Research

Czuckermann, Margaretta

Survivor/Camps
Oradea (Romania), Nagyvarad, Auschwitz, Nuremberg (Siemens)

Czuckermann wsa born in 1926 and lived with her parents in a town called Oradea, which belonged to Hungary before and during World War II, then became a part of Rumania. Czuckermann states that Oradea had a population of 130,000 and that the Jewish community counted about 35,000 members. Her father owned a transportation company. Czuckermann was brought up in an Orthodox home and she did not experience any anti-Semitism until the first pogrom in her hometown in 1938.

In 1939 Czuckermann's father had to sell his company to a non-Jew. All Jewish male between eighteen and forty-five were placed in special Hungarian army battalions. Czuckermann was not allowed to attend public school anymore, so she started to work. On March 19, 1944, the German army occupied Oradea and established a ghetto for the Jewish population, which was under control of the Arrow Cross. At the end of May they started the deportation of Jews to Auschwitz. Ostensibly the Jews were being relocated to Germany, in order to work there.

On May 27, Czuckermann and her family were shipped in box cars to Auschwitz, arriving on June 2. Each family was allowed to bring along just 40 pounds of luggage. At Auschwitz young and healthy prisoners were immediately selected out - the others were executed in the gas chambers. Czuckermann was sent to the women's camp, where the inmates had to live under intolerable conditions. All prisoners had to line up for over three hours in the morning and again in the evening in order to be counted. During the day they had to carry stones from the railroad station to be used in road construction. Those who did not work "fast enough", were shot. Resting and washing was nearly impossible in the miserably overcrowded facilities. Prisoners were punched and tortured by the female SS guards and female Hungarian inmates, who worked for the SS. In the fall of 1944, selections took place once a week, but by winter these selections were implemented every day. All weak people as well as pregnant women were sent to the gas chambers.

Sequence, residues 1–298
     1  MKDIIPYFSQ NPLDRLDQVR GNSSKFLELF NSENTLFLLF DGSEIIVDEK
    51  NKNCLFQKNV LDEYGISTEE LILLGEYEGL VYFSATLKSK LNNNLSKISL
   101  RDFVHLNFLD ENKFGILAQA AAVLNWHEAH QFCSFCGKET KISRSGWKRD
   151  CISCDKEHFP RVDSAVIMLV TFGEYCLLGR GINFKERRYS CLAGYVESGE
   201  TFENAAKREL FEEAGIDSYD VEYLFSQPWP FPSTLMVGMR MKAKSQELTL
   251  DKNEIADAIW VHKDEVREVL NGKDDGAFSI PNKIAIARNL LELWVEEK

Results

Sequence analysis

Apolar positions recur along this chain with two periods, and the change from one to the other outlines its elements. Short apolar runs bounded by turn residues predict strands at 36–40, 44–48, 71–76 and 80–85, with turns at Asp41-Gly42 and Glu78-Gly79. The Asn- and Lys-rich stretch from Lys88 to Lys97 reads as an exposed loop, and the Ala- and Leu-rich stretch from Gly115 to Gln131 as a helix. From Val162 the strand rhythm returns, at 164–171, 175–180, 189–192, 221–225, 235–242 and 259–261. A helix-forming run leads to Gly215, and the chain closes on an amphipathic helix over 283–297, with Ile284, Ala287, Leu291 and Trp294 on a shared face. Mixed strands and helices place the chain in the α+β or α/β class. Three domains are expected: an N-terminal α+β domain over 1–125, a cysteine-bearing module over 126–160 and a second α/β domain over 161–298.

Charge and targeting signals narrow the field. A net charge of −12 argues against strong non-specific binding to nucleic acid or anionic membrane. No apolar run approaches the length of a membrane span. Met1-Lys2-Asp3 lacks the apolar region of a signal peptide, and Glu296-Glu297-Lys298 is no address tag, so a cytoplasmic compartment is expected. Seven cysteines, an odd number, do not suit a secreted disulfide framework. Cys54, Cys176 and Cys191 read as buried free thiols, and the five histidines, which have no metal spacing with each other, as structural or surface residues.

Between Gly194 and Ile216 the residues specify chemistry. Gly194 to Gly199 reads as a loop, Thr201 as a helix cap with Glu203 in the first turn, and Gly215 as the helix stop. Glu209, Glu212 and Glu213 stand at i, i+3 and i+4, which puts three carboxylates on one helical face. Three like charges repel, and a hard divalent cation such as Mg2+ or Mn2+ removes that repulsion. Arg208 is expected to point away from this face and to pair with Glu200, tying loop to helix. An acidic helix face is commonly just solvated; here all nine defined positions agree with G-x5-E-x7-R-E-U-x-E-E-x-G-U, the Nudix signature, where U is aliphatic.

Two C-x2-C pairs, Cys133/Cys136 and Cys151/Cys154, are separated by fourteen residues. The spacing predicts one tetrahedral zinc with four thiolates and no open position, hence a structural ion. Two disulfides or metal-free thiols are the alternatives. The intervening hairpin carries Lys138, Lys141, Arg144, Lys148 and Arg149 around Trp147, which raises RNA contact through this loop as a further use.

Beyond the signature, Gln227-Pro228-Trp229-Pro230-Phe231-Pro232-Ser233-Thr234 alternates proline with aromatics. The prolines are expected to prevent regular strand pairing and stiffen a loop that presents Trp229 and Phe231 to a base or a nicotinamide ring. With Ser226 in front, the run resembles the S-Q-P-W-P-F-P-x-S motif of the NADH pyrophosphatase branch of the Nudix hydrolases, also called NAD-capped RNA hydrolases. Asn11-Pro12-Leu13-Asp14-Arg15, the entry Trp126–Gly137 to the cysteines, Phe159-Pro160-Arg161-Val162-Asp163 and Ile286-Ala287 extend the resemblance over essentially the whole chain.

On October 19, 1944, representatives of the Siemens company chose 500 women, including Czuckermann, to work in a labor camp and shipped them to Nuremberg. In November 1944 the Allied forces started to bomb Nuremberg and the prisoners' barracks burned down. Czuckermann was wounded in the leg. Out of the 500 women 147 were taken to a railroad station near Nuremberg to continue their forced labor. The others were sent to concentration camps. Because the American army was approaching the German guards locked in the remaining inmates on May 8, 1945, and fled. Czuckermann and the other prisoners were liberated on May 14, after six days without food and water. The American soldiers took the survivors to a hotel, which had been transformed into a hospital. After two months of recovering Czuckermann traveled back to Oradea to look for her family. Only three of the 70 members of her extended family survived the Holocaust. The organization "Joint" provided her with food and financial support. In 1946 Czuckermann married another survivor. After the birth of their daughter they tried to emigrate to the United States. Since Oradea had become part of Rumania and thus a part of the Communist world, it took 17 years until they were allowed to leave the country.

Interview Information:
Date: May 25, 1989
Interviewer: Rabbi C. Rosenzveig
Length: 1 hour 30 minutes
Format: Video recording